The Beautiful Anarchy of Pickup Basketball
This article originally appeared at the Foundation for Economic Education on March 9th, 2017.
On public basketball courts across the nation, dozens and maybe even hundreds of players gather on a daily basis to play a pickup game of 5-on-5 basketball. There are no set teams, no referees, no scoreboard, no sporting officials; there are no written rules or regulations whatsoever. It is complete and total anarchy.
Despite this, the games flow smoothly; fouls are called, scores kept, teams formed, and courts filled. The curious observer is left scratching her head as she attempts to decipher how any of this takes place in the total absence of any power structures, coercive institutions, or formalized rules. By all accounts, games should never take place as Hobbesian anarchy stymies any attempts to organize play. Collective action problems should stop these games before they can ever take place. And yet, they do.
Voluntary, Emergent Order
Pickup basketball is a beautiful example of the spontaneous, emergent order that arises from voluntary interaction predicated on classical liberal principles of dignity, respect for the individual, and voluntary cooperation. Every individual who has ever played pickup basketball can enumerate the rules for forming a team, playing, and interacting regardless of location, age or ethnicity- African Americans in the poorest sections of Harlem play by the same pickup rules as do those on the playgrounds of the whitest, richest suburbs in America.
The process begins when 10 or more players gather on any given public court, as basketball is a 5-on-5 sport. Ordinarily, someone will suggest that a full court game takes place, at which point everyone attempts to make a three-pointer in order to become a team captain. The first two individuals to make a three-pointer will be the team captains, and will then take turns picking their players.
This amazing spontaneous order can often occur even without any verbal discussion of these team-forming rules-an amazing testament to the almost magic-like quality of emergent order. These rules have been established over time and respected over generations as the most efficient and fair way to form teams amongst complete and total strangers. The emergence and universal respect for this rule set is reminiscent of the bottom-up development of private law through common law systems that has occurred for millennia in the Anglophone world.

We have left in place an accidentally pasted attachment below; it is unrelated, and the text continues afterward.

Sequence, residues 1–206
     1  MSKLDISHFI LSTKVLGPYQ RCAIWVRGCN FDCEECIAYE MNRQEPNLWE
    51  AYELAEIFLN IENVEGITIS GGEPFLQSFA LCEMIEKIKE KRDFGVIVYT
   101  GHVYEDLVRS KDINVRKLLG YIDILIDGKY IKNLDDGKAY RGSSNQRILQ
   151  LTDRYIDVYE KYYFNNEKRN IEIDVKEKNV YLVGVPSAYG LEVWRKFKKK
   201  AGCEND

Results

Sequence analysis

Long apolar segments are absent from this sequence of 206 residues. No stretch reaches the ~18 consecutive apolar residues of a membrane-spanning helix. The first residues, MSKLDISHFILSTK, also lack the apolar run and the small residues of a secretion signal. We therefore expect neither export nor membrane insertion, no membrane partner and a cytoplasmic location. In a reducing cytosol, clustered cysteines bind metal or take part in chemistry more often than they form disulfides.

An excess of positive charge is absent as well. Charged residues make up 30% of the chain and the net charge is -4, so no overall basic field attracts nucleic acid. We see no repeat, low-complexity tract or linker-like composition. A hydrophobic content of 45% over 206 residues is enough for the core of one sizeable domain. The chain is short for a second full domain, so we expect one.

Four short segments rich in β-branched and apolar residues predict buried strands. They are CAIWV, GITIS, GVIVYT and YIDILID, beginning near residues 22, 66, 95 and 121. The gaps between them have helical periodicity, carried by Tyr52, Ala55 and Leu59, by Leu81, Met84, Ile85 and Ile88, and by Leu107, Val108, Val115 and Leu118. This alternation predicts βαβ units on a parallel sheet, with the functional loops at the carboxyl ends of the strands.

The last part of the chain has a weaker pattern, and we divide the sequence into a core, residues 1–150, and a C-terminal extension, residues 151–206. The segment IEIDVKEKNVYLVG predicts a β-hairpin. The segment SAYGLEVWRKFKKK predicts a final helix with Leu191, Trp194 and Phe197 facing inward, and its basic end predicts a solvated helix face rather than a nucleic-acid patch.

Everyone has a strong incentive to cooperate with this rule set because refusal to comply means being ostracized and having one’s reputation permanently marred. If it is well known that you do not play by these unspoken rules, or are a generally recalcitrant and boorish character who does not play fairly, you will never be selected for a team and thus never set foot on the court. In this way, bad actors are excluded and punished without the use of coercive force or a coercive institution to enforce such violence on bad actors. No, voluntary cooperation alleviates any need for violence in the spontaneous regime of pickup basketball.
Back to the court. After teams are selected, team captains negotiate for a scoring mechanism as well as the winning point total. A vast majority of the time, games are played by 1’s and 2’s (with anything inside the 3-point line being a 1 and outside the arc being a 2) to either 12 or 15. However, this leaves many questions for the astute observer: how are fouls called and enforced without referees (a mirror of formal legal institutions in the political world)? What happens in the event of a tie? How is score kept?
Here again, solutions to all of these problems emerge wonderfully from voluntary cooperation and negotiation. Fouls are called purely on an honor system, with the person being fouled usually calling the foul verbally as it occurs. However, some players (myself included) like to call the fouls we commit as we commit them, thus displaying honesty so that I will be selected to play again in the future. In this way, the informal institutions of pickup basketball encourage fair play in ways that no formal institution can.
After the foul is called, it is either accepted by the player who is doing the fouling, in which case the offensive player’s team gets possession of the ball again, or fought against by the fouler. If there is disagreement as to whether or not a foul occurred, other players on the court will weigh in on the discussion with observational input. This negotiation process settles the dispute between the two players caught in the transgression of the rules with shocking and amazing regularity—another testament to the power of emergent order and beautiful anarchy.